Laparoscopic adrenalectomy is the standard surgical treatment for the vast majority of adrenal tumors [7,8]. However, adrenal pheochromocytoma has been considered as a relative contraindication for the laparoscopic approach to adrenalectomy . The reasons include potential hemodynamic instability with tachycardia, blood pressure fluctuations and low blood volume due to the stimulation of pheochromocytoma and pneumoperitoneum pressure. Therefore, intraoperative blood pressure and the risk of squeezing of the tumor present intractable problems for anesthesiologists and surgeons. Gill described laparoscopic surgery involving a milder stimulation technique compared to laparotomy . Furthermore, the development of vasoactive drugs, the improvement of anesthetic technique and monitoring, and the application of laparoscopic surgery have dramatically improved postoperative management of patients undergoing surgical excision for pheochromocytoma. Several studies have shown that early ligation of the adrenal vein could lead to catecholamine-induced hypertensive crisis [10,11]. In this case, authors used selective α-receptor blocker terazosin to control arterial blood pressure and enlarge blood volume to normal prior to surgery. On the other hand, minimal manipulation and dissection of this large mass was performed prior to early ligation of adrenal vein during operation, Moreover, the procedure was smoothly manipulated by an experienced surgeon, and the patient showed stable fluctuations in blood pressure [12-20].
Surgical approaches for laparoscopic adrenalectomy include: anterior or lateral transperitoneal approach, and posterior or lateral retroperitoneal approach [20,21]. Published reports do not demonstrate whether one approach is superior to another. The choice of the surgical approach mainly depends on the operators’ experience and skill. Although anterior transperitoneal approach give more workplace and can reduce operation time as it does not need the change of position, authors prefer lateral transperitoneal approach because of the proper identification of anatomic landmarks and the convenience to perform the procedure. Compared to transperitoneal approach, posterior or lateral retroperitoneal approach can provide direct access to the adrenal gland without interfere with any abdominal organs. However, the lateral approach need longer learning curve and more time spent in patient positioning. Even the posterior retroperitoneal approach has been used for bilateral lesions. Additionally, disadvantages of this retroperitoneal approach are the narrow working space, which restricts the area for treating large tumors. For tumors with size exceeding 6 cm, transperitoneal approach is preferred by most surgeons, and contraindications for the transperitoneal approach include tumors bigger than 5-7 cm in size. However, a number of reports have been documented on successful transperitoneal laparoscopic adrenalectomy for tumors lager than 6 cm [12-16].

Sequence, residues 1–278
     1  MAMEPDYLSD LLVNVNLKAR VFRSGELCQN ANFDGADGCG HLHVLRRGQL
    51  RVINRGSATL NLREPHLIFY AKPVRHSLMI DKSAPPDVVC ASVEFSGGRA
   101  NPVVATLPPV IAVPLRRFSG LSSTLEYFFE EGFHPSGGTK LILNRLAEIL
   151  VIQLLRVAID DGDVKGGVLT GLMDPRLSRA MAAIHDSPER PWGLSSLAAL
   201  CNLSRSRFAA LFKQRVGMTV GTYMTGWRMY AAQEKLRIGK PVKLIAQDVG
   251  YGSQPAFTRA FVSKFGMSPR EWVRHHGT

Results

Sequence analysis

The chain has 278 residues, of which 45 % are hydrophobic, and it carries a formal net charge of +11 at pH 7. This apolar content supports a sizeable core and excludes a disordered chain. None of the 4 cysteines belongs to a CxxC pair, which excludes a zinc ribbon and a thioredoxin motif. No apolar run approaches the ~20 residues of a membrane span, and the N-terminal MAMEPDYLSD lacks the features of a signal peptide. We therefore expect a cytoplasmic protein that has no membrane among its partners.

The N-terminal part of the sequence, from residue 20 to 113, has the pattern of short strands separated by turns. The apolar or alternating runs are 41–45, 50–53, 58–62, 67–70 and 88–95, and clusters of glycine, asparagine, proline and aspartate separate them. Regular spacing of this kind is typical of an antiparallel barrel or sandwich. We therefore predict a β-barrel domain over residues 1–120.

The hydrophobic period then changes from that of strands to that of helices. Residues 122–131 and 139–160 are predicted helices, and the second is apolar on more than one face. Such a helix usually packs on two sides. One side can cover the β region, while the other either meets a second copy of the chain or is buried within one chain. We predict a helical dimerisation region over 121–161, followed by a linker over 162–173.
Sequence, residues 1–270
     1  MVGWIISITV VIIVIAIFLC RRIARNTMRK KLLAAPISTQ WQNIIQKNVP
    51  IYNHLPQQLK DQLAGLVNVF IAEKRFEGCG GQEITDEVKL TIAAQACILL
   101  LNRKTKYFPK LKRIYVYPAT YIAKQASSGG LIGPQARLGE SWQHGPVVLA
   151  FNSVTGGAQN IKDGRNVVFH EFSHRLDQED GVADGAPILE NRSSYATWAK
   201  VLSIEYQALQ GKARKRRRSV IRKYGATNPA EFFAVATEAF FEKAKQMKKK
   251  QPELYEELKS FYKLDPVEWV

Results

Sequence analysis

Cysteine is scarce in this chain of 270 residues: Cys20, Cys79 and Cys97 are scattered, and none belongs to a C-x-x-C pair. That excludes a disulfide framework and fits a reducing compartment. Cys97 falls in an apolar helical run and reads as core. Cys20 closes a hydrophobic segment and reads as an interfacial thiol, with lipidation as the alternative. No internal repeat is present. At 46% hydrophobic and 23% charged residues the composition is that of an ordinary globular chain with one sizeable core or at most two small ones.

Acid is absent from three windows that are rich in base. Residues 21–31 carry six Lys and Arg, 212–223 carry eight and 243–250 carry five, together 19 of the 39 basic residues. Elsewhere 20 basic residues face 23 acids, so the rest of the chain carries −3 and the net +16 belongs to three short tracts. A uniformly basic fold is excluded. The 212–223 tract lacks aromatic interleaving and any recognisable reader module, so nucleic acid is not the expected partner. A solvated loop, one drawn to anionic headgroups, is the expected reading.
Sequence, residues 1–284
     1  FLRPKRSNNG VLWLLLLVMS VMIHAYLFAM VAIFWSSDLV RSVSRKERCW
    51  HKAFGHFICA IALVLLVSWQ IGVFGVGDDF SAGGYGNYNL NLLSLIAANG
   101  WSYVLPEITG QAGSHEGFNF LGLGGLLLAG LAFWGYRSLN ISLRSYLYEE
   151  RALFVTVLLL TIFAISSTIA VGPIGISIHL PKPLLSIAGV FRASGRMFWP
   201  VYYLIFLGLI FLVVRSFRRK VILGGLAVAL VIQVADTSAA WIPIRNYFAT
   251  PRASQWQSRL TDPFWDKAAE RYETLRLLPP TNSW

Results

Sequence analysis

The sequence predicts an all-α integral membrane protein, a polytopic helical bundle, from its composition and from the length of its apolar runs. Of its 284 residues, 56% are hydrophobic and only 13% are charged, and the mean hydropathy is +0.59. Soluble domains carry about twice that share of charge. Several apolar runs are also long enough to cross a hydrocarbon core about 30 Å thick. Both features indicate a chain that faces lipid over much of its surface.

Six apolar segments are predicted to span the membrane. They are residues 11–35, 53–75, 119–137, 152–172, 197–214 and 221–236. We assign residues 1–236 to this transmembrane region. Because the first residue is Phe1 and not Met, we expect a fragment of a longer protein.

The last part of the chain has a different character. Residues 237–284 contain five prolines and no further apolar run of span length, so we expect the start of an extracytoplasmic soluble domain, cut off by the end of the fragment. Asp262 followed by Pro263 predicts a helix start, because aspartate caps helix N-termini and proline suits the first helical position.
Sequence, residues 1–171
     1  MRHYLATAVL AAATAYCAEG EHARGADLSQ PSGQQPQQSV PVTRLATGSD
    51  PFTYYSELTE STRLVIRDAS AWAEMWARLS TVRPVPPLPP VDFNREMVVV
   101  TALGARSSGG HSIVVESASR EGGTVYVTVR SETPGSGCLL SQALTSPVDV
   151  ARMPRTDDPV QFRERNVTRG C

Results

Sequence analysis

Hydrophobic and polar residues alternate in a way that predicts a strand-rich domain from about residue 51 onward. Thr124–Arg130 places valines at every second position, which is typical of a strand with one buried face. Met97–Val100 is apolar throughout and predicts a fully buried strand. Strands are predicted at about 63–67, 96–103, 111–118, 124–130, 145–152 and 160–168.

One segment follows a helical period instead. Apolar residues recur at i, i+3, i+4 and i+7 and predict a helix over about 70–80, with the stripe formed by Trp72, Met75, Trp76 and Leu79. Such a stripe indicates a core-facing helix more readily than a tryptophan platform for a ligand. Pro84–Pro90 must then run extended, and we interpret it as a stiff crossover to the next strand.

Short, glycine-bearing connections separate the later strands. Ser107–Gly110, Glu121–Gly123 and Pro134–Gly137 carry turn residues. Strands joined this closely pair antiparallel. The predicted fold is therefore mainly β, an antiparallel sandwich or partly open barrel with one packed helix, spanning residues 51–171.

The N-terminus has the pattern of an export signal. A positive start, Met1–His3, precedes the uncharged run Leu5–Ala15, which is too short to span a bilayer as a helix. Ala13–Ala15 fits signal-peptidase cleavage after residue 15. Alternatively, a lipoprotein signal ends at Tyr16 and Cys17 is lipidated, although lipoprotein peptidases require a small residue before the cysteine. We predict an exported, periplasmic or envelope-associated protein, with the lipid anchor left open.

With increasing size of adrenal masses, transperitoneal laparoscopic adrenalectomy is expected to be more challenging and might be associated with increased risk of malignancy, intraoperative bleeding, and abdominal adhesions. Since the occurrence of large pheochromocytoma is rare, there are few reports on laparoscopic resection of pheochromocytomas lager than 10 cm. Is it safe and feasible to remove 20 cm pheochromocytoma using transperitoneal laparoscopic approach? Several factors are crucial to authors' success in performing this procedure in this case. First, by accurate preoperative localization of the pheochromocytoma based on abdominal ultrasonography, CT scan and magnetic resonance imaging, we found no vascular invasion, distant metastasis and local invasion. Furthermore, the patient’s clinical symptom was not obvious. These allowed us to select transperitoneal laparoscopic approach for the excision of this mass. Second, compared to open approach, transperitoneal laparoscopic approach provides excellent tumor location and better visualization during surgery. Third, emerging evidence suggests that there are no absolute contraindications for tumor size. Chaudhary et al. have successfully managed 11 cm pheochromocytoma by laparoscopic approach with minimal complications . Kent et al. showed that laparoscopic resection of pheochromocytomas (at least 7 cm with the largest being 12.1 cm) was safely performed by experienced surgeons . Fiszer et al. reported that an 18 cm adrenal tumor was successfully removed by laparoscopic approach . Fourth, careful preoperative hemodynamic optimization and intraoperative hemodynamic stability are important for us to successfully accomplish this procedure.
Is authors' procedure considered minimally invasive with the 15cm incision required at the end of the procedure? In general, minimal handling and intraoperative morbidity support a minimally invasive approach for resecting a large pheochromocytoma compared to open approach. Furthermore, the incision can avoid tumor spillage which leads to peritoneal implantation with pheochromocytoma. On the other hand, open approach requires a larger incision (about 30 cm) for manipulation, and increases postoperative pain, abdominal adhesions, and incisional hernia. Consequently, our laparoscopic technique is in line with the principles of minimally invasive surgery.
In conclusion, this case report suggests that adrenal tumor up to 20 cm in size may be treated by transperitoneal laparoscopic adrenalectomy without complications. The experience and sufficient preoperative preparation are important for the success of the procedure.
Ethics Approval and Consent for Publication
Written informed consents were obtained from the patient for publication of his clinical and imaging data. A copy of the written consent is available for review by the Editor-in-Chief of this journal. The ethical review has been approved by our ethics committee.
Conflict of Interest
The authors have no conflict of interest or financial ties to disclose.
Xiangcheng Qin, Gang Wang and Aimei Lu contributed to the concept, study design and manuscript writing. Weizhi Zhu and Guobin Weng provided valuable comments. Kewen Zhouand Bin Zheng revises the manuscript. All authors read and approved the final manuscript.